The Relationship between Gerrymandering Classification and Voter Incentives


Brubach B, Srinivasan A, Zhao S. The Relationship between Gerrymandering Classification and Voter Incentives, in AI for Social Good Workshop. ; 2020.


Gerrymandering is the process of drawing electoral district maps in order to manipulate the outcomes of elections. Increasingly, computers are involved in both drawing biased districts and attempts to measure and regulate this practice. The most highprofile proposals to measure partisan gerrymandering use past voting data to classify a map as gerrymandered (or not). Prior work studies the ability of these metrics to detect gerrymandering, but does not explore how the metrics could affect voter behavior or be circumvented via strategic voting. We show that using past voting data for this classification can affect strategyproofness by introducing a game which models the iterative sequence of voting and redrawing districts under regulation that bans outlier maps. In experiments, we show that a heuristic can find strategies for this game including on real North Carolin maps and voting data. Finally, we address questions from a recent US Supreme Court case that relate to our model. This is a summary of “Meddling Metrics: the Effects of Measuring and Constraining Partisan Gerrymandering on Voter Incentives” appearing in EC2020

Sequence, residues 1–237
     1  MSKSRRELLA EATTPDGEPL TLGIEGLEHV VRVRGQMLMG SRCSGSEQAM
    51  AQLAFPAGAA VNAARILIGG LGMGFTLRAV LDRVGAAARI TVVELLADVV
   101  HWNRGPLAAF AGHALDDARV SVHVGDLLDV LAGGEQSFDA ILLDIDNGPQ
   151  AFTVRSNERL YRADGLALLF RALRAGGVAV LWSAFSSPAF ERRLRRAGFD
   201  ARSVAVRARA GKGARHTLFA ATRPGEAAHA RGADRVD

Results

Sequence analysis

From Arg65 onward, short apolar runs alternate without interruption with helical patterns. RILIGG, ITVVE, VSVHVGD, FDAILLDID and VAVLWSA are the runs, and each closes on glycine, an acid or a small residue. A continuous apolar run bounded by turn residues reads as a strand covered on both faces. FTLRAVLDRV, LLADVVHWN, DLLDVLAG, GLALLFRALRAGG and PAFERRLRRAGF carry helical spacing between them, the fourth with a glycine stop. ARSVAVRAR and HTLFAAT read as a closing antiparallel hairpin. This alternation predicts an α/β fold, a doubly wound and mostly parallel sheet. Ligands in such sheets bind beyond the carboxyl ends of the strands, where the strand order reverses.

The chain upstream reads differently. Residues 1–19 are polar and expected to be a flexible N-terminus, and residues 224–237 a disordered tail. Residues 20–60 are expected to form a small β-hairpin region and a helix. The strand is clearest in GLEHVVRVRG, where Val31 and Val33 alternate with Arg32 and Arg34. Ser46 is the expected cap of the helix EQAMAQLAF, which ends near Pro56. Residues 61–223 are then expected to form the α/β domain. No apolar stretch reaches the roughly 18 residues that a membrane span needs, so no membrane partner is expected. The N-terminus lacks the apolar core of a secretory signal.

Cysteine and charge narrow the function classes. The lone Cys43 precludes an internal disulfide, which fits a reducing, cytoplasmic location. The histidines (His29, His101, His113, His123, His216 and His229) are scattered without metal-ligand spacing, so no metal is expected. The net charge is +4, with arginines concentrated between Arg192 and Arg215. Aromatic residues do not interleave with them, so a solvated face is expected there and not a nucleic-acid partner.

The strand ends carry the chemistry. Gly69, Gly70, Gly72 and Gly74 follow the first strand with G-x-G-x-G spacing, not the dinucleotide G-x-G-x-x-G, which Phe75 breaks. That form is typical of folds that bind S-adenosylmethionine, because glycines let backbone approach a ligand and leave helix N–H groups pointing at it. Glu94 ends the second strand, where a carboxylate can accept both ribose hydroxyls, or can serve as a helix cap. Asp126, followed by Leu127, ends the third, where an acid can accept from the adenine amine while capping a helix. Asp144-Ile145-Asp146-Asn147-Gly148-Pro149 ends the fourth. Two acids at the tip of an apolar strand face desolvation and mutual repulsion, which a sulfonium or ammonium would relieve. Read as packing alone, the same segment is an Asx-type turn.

Back to AI for Social Good event